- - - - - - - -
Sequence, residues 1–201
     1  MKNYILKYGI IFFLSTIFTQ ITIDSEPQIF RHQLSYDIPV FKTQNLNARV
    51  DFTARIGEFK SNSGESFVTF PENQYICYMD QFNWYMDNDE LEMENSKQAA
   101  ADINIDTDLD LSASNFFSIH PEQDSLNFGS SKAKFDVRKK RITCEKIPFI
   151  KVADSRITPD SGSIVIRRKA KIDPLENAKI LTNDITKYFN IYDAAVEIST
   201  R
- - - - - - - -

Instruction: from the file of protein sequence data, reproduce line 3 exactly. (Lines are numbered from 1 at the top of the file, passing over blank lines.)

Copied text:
    51  DFTARIGEFK SNSGESFVTF PENQYICYMD QFNWYMDNDE LEMENSKQAA